Do not presume that because they look capable of doing something, they are actually capable of doing that thing.

    Putting food in front of them does not constitute eating. Packets need opening. Encouragement is needed to eat.

    The above all relates to several stays in hospital for my mum over the last three years.

  11. #11
    In my experience they need to actually understand and have training on dementia before they start to think about how to communicate better. Sensitive professionals will agree to meet family separately, so as not to upset the sufferer. I had a CMH tell Mum all sorts about her illness in front of her, no way was she well enough to be told, he terrified her. Doctors have been very very obstructive in getting a diagnosis because they took Mum's confabulating at face value and just didn't stop to consider dementia.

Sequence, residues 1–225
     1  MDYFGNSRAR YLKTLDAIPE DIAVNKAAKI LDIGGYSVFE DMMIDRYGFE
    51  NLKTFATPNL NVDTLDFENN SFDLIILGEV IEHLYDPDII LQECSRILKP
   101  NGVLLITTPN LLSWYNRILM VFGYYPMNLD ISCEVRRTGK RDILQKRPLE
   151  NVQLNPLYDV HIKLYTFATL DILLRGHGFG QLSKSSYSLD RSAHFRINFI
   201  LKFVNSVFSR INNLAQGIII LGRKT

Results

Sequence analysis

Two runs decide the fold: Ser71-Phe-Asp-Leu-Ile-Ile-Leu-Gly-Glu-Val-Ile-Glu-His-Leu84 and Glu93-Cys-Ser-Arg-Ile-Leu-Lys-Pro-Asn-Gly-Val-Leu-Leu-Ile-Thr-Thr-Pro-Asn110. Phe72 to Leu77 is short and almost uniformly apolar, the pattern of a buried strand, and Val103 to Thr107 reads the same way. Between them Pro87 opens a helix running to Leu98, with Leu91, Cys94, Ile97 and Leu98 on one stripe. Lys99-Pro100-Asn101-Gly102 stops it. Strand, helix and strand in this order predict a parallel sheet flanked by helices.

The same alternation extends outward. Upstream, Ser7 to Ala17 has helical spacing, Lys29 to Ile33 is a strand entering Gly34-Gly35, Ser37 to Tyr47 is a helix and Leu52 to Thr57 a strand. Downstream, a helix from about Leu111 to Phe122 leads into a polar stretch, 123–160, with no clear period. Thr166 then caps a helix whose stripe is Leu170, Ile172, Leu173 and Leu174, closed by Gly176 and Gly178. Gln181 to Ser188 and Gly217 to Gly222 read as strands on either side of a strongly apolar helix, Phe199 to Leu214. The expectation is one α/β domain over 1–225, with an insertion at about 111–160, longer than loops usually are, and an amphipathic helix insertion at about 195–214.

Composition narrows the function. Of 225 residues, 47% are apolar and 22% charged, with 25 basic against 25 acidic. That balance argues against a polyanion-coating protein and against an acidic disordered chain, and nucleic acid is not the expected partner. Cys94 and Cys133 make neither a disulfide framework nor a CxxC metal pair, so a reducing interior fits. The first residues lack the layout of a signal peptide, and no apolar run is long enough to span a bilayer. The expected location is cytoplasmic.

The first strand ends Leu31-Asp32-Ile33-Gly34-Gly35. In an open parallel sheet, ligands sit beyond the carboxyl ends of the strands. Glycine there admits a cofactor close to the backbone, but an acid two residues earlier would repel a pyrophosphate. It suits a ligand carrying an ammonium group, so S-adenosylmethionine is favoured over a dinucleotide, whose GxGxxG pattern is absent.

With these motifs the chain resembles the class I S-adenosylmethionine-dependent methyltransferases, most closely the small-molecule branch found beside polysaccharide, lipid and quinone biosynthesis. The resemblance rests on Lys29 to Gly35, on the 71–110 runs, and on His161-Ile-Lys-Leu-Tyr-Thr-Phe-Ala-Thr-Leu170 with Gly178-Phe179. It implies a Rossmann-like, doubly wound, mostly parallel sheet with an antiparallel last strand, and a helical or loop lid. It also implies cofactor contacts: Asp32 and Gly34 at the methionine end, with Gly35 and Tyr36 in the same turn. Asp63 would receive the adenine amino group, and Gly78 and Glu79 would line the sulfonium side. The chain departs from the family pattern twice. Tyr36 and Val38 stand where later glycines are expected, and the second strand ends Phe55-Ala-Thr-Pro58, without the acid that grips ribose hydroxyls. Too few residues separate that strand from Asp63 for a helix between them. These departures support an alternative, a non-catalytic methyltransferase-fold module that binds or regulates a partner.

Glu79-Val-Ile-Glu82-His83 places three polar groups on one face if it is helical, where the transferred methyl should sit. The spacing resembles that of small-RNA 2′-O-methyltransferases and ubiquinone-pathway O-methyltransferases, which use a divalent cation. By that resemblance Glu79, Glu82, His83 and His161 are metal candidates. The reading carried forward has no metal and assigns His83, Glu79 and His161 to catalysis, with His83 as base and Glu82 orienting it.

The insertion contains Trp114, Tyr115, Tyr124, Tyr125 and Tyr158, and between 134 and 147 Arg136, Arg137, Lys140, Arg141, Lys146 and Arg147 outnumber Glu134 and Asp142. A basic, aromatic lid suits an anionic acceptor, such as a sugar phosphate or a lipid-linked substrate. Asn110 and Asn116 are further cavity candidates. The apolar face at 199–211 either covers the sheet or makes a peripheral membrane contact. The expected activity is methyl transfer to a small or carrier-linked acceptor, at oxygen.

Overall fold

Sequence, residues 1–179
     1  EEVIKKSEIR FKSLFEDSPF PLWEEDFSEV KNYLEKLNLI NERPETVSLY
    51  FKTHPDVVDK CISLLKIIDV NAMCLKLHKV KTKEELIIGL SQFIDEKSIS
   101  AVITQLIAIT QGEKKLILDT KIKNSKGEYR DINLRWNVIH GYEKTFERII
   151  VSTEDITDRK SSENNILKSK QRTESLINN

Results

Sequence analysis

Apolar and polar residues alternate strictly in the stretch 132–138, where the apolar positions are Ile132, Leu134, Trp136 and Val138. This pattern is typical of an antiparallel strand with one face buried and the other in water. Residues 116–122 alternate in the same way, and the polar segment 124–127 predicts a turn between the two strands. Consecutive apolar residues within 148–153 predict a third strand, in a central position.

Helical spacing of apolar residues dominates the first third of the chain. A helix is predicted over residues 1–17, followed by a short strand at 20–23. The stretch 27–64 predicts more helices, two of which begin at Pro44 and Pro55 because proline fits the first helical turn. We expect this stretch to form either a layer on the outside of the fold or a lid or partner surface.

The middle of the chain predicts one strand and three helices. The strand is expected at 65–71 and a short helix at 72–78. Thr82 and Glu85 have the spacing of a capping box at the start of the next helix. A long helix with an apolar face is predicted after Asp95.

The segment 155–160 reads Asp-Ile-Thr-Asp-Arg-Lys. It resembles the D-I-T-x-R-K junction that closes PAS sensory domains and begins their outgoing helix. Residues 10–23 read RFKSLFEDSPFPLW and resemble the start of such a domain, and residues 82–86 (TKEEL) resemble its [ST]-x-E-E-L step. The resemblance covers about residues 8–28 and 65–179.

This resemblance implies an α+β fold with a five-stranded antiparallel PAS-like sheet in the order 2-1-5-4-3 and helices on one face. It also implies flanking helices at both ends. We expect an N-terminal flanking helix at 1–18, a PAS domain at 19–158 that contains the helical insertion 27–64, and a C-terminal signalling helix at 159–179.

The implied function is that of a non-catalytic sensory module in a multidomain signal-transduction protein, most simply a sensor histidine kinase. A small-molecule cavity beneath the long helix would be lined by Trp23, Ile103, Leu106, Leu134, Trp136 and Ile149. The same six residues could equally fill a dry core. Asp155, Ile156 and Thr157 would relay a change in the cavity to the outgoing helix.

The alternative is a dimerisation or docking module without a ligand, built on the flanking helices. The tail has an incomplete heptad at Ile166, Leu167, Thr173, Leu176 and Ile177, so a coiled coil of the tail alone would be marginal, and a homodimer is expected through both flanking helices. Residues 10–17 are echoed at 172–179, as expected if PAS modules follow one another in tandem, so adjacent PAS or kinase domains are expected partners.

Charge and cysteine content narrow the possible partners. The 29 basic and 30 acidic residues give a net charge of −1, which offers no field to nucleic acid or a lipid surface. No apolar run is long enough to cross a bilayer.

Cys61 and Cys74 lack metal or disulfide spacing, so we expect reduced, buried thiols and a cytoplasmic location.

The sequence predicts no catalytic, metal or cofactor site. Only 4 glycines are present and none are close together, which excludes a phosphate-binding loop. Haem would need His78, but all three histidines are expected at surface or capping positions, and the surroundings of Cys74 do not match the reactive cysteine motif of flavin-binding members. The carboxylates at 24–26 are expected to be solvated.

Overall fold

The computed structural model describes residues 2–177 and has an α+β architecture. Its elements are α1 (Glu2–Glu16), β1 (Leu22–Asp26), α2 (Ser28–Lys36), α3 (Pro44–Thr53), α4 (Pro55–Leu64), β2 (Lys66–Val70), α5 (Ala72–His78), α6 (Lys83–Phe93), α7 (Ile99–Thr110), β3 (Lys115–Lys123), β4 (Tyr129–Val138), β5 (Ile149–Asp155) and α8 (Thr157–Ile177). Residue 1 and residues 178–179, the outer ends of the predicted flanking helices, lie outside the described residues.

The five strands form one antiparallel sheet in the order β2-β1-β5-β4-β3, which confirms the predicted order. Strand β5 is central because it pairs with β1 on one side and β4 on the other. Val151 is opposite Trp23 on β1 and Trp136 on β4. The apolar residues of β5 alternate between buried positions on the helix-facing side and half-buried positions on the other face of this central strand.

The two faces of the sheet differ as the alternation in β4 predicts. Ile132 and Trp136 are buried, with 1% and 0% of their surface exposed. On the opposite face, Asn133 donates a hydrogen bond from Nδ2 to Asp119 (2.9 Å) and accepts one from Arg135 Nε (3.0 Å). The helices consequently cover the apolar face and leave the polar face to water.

Professionals talk too fast in general. Mum processes very slowly and people use too long sentences and move conversations on before Mum has had a hope of following. They also often shout. Mum is not deaf.
    Mum's SALT therapist has been the best of a bad lot. Even her neurologist communicates clumsily and insensitively.
    Sorry to sound critical. I would love to be involved in designing a training package. As a teacher of English I think I have Some skills to offer.

    Prayer of the Breton fishermen: “Dear God, be good to me. The sea is so wide, and my boat is so small.”

  12. #12
    Mum had cancer treatment and dementia concurrently as well , if this helps I can tell you more.

    Prayer of the Breton fishermen: “Dear God, be good to me. The sea is so wide, and my boat is so small.”